Cisco Reimagines the Business Data Center

Data center in the dark

Learning@Cisco senior manager for products Antonella Corno hit some interesting notes in a post this week to Cisco Learning Network's Talking Tech with Cisco blog. Corno's piece, which popped on Monday, is titled "In the Word of Digitized Business, the Data Center Reigns Supreme" and lays out a new, forward-leaning vision of modern data centers, particularly at the enterprise scale.

 

Her primary thesis appears in the second paragraph of that piece, is as follows:

 

"Enterprises need access to data from anywhere. They must analyze it instantly and then use it to make rapid decisions closer to where the data came from in order to fuel innovation and reach their desired business outcomes. Thus, the business need has changed from simply connecting devices. It is now about securing, aggregating, automating, and drawing insights from the data these devices generate. All done in a way that opens up new markets and new business models."

 

According to Ms. Corno, it's a big market to contemplate as well. She turns to IDC as a data source to observe that, "Spending on data centers will rise to $16 billion by 2019." That same firm also forecasts that by next year (2018), more than half (60 percent) of companies will turn to "highly instrumented data centers that use automation to boost efficiency and tie data center and IT spend to business value."

 

Corno is making a strong case that those who thrive in this brave new world will be those who master the new skills needed to make modern data centers accomplish this mission. I have to agree, as the IT world continues to pivot into virtualization at all levels, including SDN and NFV, along with virtualized applications, platforms and, infrastructures (aka SaaS, PaaS, and IaaS).

 

What Skills? What Services? Automated Exactly How?

 

The skills involved require a mindset that breaks out of narrow fields such as servers, storage, networking, and hardware. Rather, these new skills tie all of these elements together, just as assembling all the disciplines just named into a coherent, functioning data center involves understanding, designing, implementing, and automating infrastructures that tie everything together.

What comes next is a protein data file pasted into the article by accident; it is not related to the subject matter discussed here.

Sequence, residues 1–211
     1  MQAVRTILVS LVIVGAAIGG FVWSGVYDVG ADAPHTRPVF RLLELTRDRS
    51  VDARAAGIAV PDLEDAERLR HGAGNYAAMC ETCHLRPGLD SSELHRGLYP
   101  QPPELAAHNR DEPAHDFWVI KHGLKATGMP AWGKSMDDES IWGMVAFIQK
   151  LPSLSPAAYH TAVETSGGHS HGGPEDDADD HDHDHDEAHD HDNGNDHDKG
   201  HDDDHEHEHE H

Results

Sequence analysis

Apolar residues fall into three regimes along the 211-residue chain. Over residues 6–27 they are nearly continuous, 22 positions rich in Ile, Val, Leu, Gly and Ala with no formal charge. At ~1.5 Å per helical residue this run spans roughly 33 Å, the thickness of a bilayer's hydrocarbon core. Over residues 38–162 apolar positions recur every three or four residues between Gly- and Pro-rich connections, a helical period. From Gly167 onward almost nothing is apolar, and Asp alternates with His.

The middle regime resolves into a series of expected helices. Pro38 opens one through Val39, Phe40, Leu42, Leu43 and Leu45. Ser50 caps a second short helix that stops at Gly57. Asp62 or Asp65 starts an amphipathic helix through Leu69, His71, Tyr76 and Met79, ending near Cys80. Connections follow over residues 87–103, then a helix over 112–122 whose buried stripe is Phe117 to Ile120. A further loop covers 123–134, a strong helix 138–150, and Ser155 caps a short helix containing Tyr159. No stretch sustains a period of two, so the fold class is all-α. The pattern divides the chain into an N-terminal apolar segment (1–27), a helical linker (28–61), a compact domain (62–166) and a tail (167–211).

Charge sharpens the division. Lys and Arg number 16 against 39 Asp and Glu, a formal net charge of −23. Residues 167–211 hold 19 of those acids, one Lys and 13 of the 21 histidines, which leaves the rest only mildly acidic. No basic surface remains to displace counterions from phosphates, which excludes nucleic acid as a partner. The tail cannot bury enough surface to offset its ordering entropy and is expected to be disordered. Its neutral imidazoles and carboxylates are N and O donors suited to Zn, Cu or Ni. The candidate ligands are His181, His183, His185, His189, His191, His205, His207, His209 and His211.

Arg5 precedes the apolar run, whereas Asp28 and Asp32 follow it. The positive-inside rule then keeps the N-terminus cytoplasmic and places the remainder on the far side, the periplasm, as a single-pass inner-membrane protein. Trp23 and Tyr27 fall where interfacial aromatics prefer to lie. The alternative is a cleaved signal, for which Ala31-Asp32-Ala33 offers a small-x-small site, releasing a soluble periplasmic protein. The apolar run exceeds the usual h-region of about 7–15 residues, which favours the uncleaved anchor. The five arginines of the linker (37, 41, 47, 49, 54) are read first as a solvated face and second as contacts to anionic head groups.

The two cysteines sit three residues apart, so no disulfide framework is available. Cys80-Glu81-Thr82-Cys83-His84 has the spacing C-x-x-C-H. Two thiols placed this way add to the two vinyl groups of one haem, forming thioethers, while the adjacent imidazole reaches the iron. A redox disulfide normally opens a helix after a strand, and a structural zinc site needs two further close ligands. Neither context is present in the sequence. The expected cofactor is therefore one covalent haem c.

Into the mix, of course, savvy IT pros also must understand how to bring together software (applications and services), the cloud, virtualization, and secure data centers (and data protection), along with the infrastructures that make them go. This leads to an interesting mix of skills and topics that Cisco is starting to emphasize at all levels of IT in business environments:

 

CertMag Slider right AWS cert

Automation: programmability and well-understood tools and APIs helps reduce the time required to get applications up and running, and to anticipate and better serve business needs.

 

Software Defined Networking (SDN): SDN enables business focused needs and objectives to drive policies that cover "physical and virtual networks, servers, storage, security and services" as Ms. Corno states in her blog post.

 

Policy Integration: Businesses are gravitating toward monolithic policy models, driven by SDN and NFV, to enable them to extract added value from growing data volumes quickly and efficiently, and to improve IT responsiveness using current human and technical resources.

 

Of course, Cisco is ready to help with certifications that help to meet these needs. To that end, Ms. Corno identifies the following list of "new skills for the data center" that IT pros should consider acquiring and developing. Here's that very list, reproduced verbatim:

 

? Basic skills for installing, configuring, and maintaining data centers
? The basics of cloud computing, automation, and orchestration of data center infrastructure
? Unified computing
? Virtualization
? Data center virtualization
? SDN management and monitoring
? Data center security
? Policy-driven infrastructure
? Storage networking
? Evolving technologies like IoT and cloud

 

To me, it's absolutely fascinating to see Cisco reinventing itself at the same time that it seeks to reimagine and support a new vision of the data center. Given that hardware takes a back seat to policy and virtualization in such a milieu, it must be both exhilarating and terrifying for Cisco to put itself front and center in these new developments and into this mindset.

 

This also makes it equally absorbing to see how Cisco's certification and training portfolio adapts and evolves to keep its cachet, value, and relevance. Stay tuned, and I'll keep you apprised of all this, and more!

 

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About the Author

Ed Tittel is a 30-plus-year computer industry veteran who's worked as a software developer, technical marketer, consultant, author, and researcher. Author of many books and articles, Ed also writes on certification topics for Tech Target, ComputerWorld and Win10.Guru. Check out his website at www.edtittel.com, where he also blogs daily on Windows 10 and 11 topics.